Cynthia Albritton, a.k.a. Cynthia Plaster Caster, the legendary artist and “recovering groupie” renowned for the plaster casts she took of many top musicians’ erect penises and other body parts, has died after a long illness, her rep confirms to Variety. She was 74.
Her collection included Jimi Hendrix, Wayne Kramer of MC5, Pete Shelley of the Buzzcocks, Jello Biafra of the Dead Kennedys as well as female breasts from the likes of Laetitia Sadier of Stereolab, Sally Timms of the Mekons, Peaches, Karen O of the Yeah Yeah Yeahs and many others. She later expanded her subjects to include filmmakers and other artists and eventually amassed a collection of 50 plaster phalluses.
Born Cynthia Albritton on May 24, 1947, she began her plaster-casting rock career while living in Chicago in 1968. After meeting Frank Zappa, who found her art concept both humorous and creative (although he did not participate), Albritton found in him something of a patron. He moved her to Los Angeles — a goldmine for her line of art — where she found multiple willing assistants to help prepare the subjects for her work.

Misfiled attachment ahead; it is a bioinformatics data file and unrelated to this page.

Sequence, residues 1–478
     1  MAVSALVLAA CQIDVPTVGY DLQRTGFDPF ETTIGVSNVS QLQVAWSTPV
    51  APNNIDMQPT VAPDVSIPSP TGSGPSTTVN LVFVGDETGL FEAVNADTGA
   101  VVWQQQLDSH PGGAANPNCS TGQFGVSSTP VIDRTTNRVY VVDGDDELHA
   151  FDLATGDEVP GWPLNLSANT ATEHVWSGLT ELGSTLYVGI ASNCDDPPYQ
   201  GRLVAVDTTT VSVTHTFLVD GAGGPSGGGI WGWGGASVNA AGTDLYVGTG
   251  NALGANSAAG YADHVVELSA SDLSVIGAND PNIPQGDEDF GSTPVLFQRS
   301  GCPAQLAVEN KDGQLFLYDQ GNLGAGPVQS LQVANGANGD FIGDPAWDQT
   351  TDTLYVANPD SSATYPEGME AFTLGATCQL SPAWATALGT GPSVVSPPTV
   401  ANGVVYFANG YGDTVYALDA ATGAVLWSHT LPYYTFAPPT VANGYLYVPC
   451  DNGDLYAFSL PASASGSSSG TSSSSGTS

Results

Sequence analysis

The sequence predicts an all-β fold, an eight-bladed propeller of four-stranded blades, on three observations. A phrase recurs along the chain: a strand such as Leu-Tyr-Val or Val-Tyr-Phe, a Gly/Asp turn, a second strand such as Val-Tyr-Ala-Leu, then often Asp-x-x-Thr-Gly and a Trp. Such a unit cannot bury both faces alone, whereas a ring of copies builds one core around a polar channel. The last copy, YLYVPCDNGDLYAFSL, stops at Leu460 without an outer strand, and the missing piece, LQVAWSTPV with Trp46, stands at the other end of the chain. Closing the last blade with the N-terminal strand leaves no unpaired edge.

In 1971, after her apartment was robbed, Zappa and Albritton decided the casts should be preserved for a future exhibition and entrusted them to Zappa’s business and legal partner, Herb Cohen. However, artists declined to participate in the exhibition, and she made no casts between 1971 and 1980. In a surreal situation, she found herself having to go to court in 1993 in order to get the 25 casts she had left with Cohen returned; ultimately she got all but three of them back.
In 2000, Albritton finally held her first exhibition of the casts in New York, and expanded her purview to include women’s breasts.
Her career was immortalized in the 2001 documentary, “Plaster Caster,” and she also participated in the 2005 BBC documentary “My Penis and I,” created by filmmaker Lawrence Barraclough about his anxiety over the size of his penis.
She has been lauded in many rock songs — including Kiss’ “Plaster Caster” — and a television conversation between her and the Frank Zappa-sponsored group the GTOs was included on their 1969 album, “Permanent Damage.”
In an intriguing career twist, in 2010, Albritton ran unsuccessfully for mayor of Chicago — naturally, on the “Hard Party” ticket.
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